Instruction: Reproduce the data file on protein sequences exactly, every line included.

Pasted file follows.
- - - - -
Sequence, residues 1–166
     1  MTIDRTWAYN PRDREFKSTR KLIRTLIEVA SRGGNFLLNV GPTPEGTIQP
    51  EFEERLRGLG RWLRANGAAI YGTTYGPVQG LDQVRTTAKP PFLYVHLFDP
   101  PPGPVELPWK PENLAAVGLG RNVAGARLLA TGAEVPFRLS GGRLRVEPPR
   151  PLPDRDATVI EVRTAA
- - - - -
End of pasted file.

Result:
Sequence, residues 1–166
     1  MTIDRTWAYN PRDREFKSTR KLIRTLIEVA SRGGNFLLNV GPTPEGTIQP
    51  EFEERLRGLG RWLRANGAAI YGTTYGPVQG LDQVRTTAKP PFLYVHLFDP
   101  PPGPVELPWK PENLAAVGLG RNVAGARLLA TGAEVPFRLS GGRLRVEPPR
   151  PLPDRDATVI EVRTAA